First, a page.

Einstein's relativity manuscript debuts in J'lem
The original manuscript of Albert Einstein's groundbreaking theory of relativity, which helps explain everything from black holes to the Big Bang, went on display in its entirety for the first time, in Jerusalem yesterday.
Einstein's 46-page handwritten explanation of his general theory of relativity, in which he demonstrates an expanding universe and shows how gravity can bend space and time, is being shown at the Israel Academy of Sciences and Humanities as part of the scholarly association's 50th anniversary celebrations.
"We wanted something unique that would have global significance, and fortunately we could have access to a manuscript that has never been seen in its entirety before," academy president Menahem Yaari said.
Einstein was one of the founders of the Hebrew University of Jerusalem. He donated the manuscript to the university when it was founded in 1925, four years after he was awarded the Nobel Prize in physics. His will bequeathed the rest of his papers to the university upon his death, in 1955.
The university is lending the manuscript to the academy for the anniversary celebration.
First published in 1916, the general theory of relativity remains a pivotal breakthrough in modern physics.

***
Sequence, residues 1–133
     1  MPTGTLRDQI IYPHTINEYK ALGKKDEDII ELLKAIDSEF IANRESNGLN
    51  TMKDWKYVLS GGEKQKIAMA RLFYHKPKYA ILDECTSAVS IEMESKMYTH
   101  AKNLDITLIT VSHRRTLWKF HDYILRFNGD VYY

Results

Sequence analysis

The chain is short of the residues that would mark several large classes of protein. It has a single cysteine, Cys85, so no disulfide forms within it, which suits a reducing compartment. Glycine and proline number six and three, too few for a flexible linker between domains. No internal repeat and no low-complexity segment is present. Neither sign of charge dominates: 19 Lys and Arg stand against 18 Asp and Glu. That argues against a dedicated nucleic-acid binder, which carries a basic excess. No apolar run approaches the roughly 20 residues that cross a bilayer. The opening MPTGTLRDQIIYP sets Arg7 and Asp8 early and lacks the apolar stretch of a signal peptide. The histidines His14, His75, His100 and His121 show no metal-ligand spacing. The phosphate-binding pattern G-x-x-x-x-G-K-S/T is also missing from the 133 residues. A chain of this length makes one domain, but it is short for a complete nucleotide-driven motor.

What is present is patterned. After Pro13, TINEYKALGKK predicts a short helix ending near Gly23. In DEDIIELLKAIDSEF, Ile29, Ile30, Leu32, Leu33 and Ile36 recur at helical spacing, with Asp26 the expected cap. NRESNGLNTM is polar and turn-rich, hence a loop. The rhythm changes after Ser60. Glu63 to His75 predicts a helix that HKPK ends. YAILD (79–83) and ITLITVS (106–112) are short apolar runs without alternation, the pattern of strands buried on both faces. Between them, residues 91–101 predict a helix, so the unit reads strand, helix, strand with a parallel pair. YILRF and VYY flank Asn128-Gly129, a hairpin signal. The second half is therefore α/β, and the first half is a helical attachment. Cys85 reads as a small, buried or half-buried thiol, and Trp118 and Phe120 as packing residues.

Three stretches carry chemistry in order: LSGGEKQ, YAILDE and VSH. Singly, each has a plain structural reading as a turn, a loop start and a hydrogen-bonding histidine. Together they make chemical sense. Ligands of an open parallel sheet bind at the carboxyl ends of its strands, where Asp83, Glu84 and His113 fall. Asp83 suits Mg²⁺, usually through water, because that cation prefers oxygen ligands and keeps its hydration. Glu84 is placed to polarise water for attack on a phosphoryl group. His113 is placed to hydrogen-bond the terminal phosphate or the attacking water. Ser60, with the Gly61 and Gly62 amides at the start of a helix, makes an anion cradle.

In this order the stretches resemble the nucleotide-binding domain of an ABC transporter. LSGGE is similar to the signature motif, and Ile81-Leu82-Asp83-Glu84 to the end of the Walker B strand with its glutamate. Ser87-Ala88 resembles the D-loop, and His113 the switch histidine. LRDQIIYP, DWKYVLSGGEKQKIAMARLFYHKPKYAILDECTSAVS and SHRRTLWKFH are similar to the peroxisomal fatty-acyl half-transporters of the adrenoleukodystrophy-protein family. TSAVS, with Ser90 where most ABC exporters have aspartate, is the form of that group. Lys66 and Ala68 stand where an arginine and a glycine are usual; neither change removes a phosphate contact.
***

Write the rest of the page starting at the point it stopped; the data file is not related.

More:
"It changed our understanding of space, time, gravitation and really the entire universe," said Hanoch Gutfreund, a former president of the university who is chairman of its academic committee for the Albert Einstein Archives, a complete collection of Einstein's papers.
"I refer to it as the Magna Carta of physics," Gutfreund said. "It's the most important manuscript in the entire archive."
Despite its central place in the canon of Einstein's work, the original manuscript has never attracted as much attention as the man himself.
Gutfreund said museums around the world have been content to display only a few pages of the manuscript at a time, as part of exhibitions on the personal and professional accomplishments of the man who is arguably the most influential scientist of the modern era.
That is partly because the general theory, especially in the original German, remain a bit obscure for nonscientists.
It took Einstein eight years after publishing his theory of special relativity - in which he came up with the famed equation E=Mc² - to expand that into his theory of general relativity, in which he showed that gravity can affect space and time, a key to understanding basic forces of physics and natural phenomena, including the origin of the universe.
But exhibit organizers say the significance of Einstein's pages of careful script, diagrams, and perfectionist's scratches will not be lost on casual viewers. They say the display will present the manuscript in the context of the theory's legacy - which includes everything from modern space exploration to commercial satellite and GPS technology and present-day attempts to create a universal explanation of the forces of nature, a quest that started decades ago and stymied even Einstein himself.
"The greatest challenge at the frontier of physics is to make progress on these issues, the ideas that Einstein developed, discarded, and the errors he made," Gutfreund said. "People will be able to appreciate this even if they're not able to understand the contents."
The manuscript will be on display until March 25, overlapping with the 131st anniversary of Einstein's birth, on March 14.
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